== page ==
Water Solar Panels
Introduction to Water Solar Panels
Nearly every home owner dreads getting the utility bills through the post every year. The hot water heater is normally the main reason as to why the costs are gradually increasing. Big differences can be made just by simply changing the temperature of the water by a few degrees. The best alternative to paying such high water costs is to install water solar panels. These solar panels are getting increasingly popular as more people are realising the many benefits that they offer.
The solar panels themselves are placed on the roof of a house and work by capturing the rays of the sun and then using it to heat the water in the cylinder. The cold water supply is connected to a storage tank of the water solar kit. The great thing about water solar panels is that you donít have to give them much attention at all. The system itself takes care of itself and problems are very rare.
Are they Worth it?
An average household can easily get the required hot water for the whole of the house just by using water solar panels. It is no surprise as to why they are becoming increasingly popular among home owners of all ages. There are now many options of the systems that are available but which one to choose depends heavily on what the needs of the house are. Due to the increase in the amount of people using solar energy, it has led to a 40% drop in prices.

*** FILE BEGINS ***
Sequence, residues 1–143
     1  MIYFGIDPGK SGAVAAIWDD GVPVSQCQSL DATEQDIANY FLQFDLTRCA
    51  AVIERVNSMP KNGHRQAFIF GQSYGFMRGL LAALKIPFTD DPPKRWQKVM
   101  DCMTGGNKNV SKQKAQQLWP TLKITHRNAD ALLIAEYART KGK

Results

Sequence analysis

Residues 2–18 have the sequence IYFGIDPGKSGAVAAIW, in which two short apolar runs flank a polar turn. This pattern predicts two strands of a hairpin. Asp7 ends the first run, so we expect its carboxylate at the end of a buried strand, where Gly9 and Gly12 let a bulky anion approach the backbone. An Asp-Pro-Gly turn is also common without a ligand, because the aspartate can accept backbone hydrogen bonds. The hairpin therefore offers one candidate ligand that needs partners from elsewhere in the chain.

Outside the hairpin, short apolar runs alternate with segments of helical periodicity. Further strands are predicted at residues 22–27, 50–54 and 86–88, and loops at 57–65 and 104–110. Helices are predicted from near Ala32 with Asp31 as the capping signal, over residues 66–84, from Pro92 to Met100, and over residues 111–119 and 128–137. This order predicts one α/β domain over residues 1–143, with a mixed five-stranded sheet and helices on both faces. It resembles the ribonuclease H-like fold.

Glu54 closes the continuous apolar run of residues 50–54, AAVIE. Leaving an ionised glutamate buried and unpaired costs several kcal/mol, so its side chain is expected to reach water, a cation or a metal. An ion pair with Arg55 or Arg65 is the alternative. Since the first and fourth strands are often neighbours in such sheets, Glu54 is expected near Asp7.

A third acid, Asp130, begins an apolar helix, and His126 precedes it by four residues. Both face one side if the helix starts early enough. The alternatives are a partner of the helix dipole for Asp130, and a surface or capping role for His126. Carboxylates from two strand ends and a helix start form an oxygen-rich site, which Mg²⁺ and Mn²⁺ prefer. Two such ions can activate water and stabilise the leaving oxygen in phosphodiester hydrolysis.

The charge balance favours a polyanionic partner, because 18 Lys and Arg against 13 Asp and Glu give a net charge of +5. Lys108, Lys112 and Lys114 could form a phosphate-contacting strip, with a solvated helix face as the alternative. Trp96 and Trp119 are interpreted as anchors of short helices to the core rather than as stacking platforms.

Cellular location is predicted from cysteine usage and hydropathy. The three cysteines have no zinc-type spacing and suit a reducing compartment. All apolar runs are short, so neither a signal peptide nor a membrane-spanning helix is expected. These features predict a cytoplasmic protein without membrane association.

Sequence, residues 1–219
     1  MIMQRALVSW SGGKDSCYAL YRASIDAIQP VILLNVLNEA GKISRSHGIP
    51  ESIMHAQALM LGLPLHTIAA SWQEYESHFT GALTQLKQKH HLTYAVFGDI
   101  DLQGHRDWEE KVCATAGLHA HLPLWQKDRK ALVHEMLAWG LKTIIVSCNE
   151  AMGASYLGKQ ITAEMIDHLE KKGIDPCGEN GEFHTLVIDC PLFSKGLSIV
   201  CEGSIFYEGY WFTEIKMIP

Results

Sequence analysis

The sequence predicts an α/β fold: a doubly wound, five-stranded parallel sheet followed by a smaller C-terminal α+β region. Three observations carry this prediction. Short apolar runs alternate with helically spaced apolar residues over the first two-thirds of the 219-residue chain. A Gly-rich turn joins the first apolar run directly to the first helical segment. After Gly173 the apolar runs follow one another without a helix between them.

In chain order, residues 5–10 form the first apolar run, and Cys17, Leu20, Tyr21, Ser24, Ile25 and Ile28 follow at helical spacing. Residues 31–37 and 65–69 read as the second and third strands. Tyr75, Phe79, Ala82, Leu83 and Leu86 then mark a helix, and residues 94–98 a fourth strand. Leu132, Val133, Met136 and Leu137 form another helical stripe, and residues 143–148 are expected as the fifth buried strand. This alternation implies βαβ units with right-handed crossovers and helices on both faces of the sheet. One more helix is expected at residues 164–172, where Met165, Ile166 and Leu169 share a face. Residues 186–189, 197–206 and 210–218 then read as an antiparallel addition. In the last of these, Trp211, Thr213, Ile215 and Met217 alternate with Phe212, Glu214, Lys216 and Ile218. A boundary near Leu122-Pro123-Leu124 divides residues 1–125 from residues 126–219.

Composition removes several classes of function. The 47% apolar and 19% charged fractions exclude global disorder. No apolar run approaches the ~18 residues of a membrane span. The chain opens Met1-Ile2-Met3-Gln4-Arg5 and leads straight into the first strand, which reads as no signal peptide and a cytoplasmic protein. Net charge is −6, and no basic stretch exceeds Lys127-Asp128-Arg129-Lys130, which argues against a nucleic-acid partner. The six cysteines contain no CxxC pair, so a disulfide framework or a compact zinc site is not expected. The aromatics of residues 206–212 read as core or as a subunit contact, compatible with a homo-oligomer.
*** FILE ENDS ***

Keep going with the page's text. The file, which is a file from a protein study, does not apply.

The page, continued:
Whatís the Cost?
The costs of a water solar panel system vary depending on size and the type of system that is going to be used. One thing to remember is that although there is an initial payment which will be for the installation, everything after is free. Thatís free hot water for a lifetime and no more high priced bills coming through the door. There are two main types of water solar systems, active and passive.
In general, passive systems cost less than active systems coming in at around £900 at most whilst active systems can cost up to £3000.
- Active - These have a circulating pump and a temperature control. They use a small pump for circulation but they do not need a tank.
- Passive - Unlike an active system, these have absolutely no moving parts. They do however require a tank but do not have a pump. These are also not as efficient as active systems but will last a lot longer and rely heavily on the fact that hot water rises and cold water falls.
Final Thought on Water Solar Panels
Water solar panels can supply up to 50% of the needed energy to heat water in an average household. Although the prices may seem high at first, it will only take about 4 years to have made that back from what money will have been saved from using the system and all the while being environmentally friendly to the atmosphere.